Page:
Serving rural issues
Retiring Sen. Jones says Illinois is at a crossroads
This coming January will mark 18 years that I have served in the General Assembly on behalf of the residents of south central and southeastern Illinois. During that time, our region has progressed and at the same time experienced more than its share of hardship thanks to the Great Recession, several severe storms and this year’s unprecedented drought.
I was pleased to have served in the General Assembly with Duane Noland — your organization’s president. Duane was a proud champion of rural issues and has continued his excellent track record of service with the Association of Illinois Electric Cooperatives (AIEC). As cooperative members you are also very well served with a strong daily presence at our state capital by Don Wood, AIEC’s Vice President of Government Relations and Nick Reitz, AIEC’s Manager of Government Relations concerning legislative issues. Over my career I have worked closely on many issues on behalf of electric cooperatives and was pleased to receive their Public Service Award in 2005.
The people of southern Illinois are generally upbeat about the future, but understandably their confidence is also waning about any meaningful progress being made in Springfield. I have tried to serve to the best of my ability and always attempted to provide a strong voice for the constituents of the 54th Senate District. Championing economic growth and development, township government, coal and conservative values have been the bedrock of my time at the Capitol.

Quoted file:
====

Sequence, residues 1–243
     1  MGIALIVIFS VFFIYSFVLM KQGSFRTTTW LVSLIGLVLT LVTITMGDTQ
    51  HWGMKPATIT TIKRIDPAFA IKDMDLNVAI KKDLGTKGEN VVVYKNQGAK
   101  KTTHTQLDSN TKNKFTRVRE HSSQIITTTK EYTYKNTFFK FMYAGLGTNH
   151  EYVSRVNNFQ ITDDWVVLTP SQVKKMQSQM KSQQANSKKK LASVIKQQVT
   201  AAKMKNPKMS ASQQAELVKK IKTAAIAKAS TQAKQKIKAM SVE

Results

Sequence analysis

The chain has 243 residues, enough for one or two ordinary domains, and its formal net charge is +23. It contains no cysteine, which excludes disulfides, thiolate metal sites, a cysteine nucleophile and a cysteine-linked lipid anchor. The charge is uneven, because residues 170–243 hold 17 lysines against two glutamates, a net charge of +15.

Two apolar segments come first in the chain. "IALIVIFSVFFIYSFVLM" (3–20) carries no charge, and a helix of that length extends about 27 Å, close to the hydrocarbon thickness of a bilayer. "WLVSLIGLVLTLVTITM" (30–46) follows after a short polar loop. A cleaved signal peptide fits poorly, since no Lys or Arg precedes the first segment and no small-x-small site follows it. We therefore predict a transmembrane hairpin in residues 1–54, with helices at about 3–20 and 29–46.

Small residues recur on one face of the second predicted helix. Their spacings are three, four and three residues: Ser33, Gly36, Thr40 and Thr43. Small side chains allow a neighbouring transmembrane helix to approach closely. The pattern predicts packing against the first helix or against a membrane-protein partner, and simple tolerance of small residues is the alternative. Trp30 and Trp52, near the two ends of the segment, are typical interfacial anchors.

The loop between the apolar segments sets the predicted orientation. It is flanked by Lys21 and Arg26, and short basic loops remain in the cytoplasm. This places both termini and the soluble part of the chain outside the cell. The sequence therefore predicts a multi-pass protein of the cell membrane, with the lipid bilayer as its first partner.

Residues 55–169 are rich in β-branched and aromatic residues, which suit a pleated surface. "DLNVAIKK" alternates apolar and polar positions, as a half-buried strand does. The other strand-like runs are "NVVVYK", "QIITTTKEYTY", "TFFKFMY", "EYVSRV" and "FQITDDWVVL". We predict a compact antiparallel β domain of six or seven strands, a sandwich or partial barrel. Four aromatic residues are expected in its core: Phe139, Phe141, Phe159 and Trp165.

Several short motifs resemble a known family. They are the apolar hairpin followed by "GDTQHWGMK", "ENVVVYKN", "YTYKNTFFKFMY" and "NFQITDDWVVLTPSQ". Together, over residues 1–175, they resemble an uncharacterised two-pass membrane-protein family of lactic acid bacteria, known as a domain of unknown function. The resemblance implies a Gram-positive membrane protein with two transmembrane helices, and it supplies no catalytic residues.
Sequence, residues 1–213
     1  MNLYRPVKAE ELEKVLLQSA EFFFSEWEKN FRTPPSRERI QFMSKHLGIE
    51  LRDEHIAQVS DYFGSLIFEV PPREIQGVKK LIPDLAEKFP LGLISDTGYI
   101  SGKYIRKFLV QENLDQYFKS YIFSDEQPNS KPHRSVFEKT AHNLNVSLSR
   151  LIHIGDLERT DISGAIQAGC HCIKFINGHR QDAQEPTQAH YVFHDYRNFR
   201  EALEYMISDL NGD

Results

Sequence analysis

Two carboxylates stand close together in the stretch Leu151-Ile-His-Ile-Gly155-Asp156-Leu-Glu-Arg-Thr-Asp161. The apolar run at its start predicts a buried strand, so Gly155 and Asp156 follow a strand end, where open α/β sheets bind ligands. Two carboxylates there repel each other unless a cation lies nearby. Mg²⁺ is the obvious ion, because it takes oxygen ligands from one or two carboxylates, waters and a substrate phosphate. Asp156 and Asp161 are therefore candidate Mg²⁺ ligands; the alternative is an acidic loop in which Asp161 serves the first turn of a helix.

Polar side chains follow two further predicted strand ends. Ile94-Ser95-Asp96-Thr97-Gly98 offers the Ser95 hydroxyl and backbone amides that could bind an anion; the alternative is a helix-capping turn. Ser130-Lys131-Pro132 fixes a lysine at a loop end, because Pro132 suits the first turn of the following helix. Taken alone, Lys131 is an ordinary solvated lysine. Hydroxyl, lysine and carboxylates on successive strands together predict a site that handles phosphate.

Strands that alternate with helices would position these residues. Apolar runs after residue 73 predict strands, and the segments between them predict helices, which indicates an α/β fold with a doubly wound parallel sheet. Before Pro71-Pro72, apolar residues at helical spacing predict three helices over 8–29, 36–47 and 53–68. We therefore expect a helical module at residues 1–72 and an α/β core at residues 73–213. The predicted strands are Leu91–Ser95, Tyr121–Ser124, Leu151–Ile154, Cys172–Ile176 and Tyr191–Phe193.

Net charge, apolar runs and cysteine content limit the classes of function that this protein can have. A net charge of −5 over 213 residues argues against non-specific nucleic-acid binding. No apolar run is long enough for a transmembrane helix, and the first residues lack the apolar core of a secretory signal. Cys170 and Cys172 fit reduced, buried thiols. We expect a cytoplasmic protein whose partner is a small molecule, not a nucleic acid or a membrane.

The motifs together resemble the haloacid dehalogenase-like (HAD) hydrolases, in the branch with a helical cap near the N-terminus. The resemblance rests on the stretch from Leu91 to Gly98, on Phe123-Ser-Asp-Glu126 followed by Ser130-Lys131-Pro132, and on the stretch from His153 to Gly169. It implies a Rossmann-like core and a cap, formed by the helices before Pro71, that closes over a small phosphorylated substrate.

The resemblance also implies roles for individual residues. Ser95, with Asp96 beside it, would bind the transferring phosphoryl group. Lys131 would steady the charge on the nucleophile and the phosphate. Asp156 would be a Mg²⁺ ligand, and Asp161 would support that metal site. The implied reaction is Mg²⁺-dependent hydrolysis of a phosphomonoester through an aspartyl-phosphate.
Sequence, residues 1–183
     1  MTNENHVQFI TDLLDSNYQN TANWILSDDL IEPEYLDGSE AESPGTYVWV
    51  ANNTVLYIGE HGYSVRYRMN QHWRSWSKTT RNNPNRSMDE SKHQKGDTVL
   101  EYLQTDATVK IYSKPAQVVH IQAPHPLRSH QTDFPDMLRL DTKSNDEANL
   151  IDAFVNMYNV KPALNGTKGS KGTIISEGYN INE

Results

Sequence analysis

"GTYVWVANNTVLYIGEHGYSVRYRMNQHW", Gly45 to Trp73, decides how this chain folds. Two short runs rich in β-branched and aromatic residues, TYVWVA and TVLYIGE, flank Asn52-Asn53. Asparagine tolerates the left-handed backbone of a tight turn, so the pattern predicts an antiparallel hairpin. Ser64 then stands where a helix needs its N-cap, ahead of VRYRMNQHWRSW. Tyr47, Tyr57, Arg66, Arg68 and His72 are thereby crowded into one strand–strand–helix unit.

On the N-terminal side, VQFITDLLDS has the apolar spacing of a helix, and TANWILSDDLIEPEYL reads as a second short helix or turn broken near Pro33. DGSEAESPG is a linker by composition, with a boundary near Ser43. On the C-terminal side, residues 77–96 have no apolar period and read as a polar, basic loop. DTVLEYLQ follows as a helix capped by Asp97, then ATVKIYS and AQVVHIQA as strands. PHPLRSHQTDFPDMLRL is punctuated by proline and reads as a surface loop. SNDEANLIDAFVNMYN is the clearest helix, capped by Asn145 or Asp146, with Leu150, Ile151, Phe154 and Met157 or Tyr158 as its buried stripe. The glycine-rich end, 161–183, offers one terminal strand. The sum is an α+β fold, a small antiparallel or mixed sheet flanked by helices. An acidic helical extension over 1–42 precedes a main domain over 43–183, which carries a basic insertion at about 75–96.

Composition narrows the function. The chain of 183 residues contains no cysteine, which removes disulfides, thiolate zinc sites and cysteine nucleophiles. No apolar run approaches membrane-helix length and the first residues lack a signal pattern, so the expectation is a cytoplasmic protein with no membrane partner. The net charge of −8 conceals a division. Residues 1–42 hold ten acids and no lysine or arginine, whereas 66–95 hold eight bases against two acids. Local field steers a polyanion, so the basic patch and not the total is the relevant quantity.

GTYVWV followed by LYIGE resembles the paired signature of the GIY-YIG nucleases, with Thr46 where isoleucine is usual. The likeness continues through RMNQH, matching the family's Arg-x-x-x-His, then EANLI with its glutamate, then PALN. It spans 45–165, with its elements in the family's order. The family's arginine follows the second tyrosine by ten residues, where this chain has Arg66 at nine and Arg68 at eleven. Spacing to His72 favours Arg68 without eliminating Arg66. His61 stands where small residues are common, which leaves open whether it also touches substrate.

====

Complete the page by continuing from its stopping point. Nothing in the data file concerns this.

It can be especially tough to have rural issues adequately represented when two-thirds of the state’s population hails from Cook and the collar counties. Downstate legislators, regardless of party affiliation, have a strong bond. We work together often when it comes to advancing rural issues, because it’s incumbent on us to keep rural constituents at the forefront.
Our state is at a crossroads – entitlements and government spending have gone unchecked for far too long. Sadly, rural voices advocating for restrained spending are not heard. During Rod Blagojevich’s administration, government spending increased by roughly $1 billion every year and our state’s revenues didn’t keep pace. As a result of this, Illinois taxpayers now have $8-9 billion in backlog of bills and an unprecedented $100+ billion of unfunded long-term liabilities. The 2011 tax increase brought in $7 billion in increased revenues, but state coffers and bills are still behind.
Downstate Illinois has been hit hard by the current economic challenges. In Mt. Vernon alone, 110 jobs were lost at United Science Industries (USI). USI was a firm that handled leaky underground storage tank cleanup at closed or renovating gas stations. USI alone was owed over $30 million in back-due bills and the owner borrowed until local banks would no longer extend lines of credit. Today, those jobs are gone and they were good paying jobs too, most averaging $60,000, and even more workers made $100,000.
Every year, there are legislative attempts to cut transportation costs for downstate schools. Jasper County Community Unit #1, the largest geographic school district in Illinois has 491 square miles to cover. With the rising cost of diesel fuel, how can we expect Jasper County to adequately plan?
In addition, a number of downstate communities host correctional centers and mental health institutions, which count on local municipalities for their water and power. A number of communities like Vandalia, Ina and Centralia are owed hundreds of thousands of dollars. That backlog creates undue pressures on local mayors and town councils to make ends meet. Rural Illinois and its communities will survive, but the rough times could continue before they get better.
I have valued my time in Springfield and can look back with a clear conscience that I have fought for my 200,000-plus constituents. There have been victories to recall, like the 2009 capital construction bill to improve rural schools, bridges and roads. The “bottom line” is that job creation and improving the quality of life for downstate Illinois must be at the forefront of every decision made.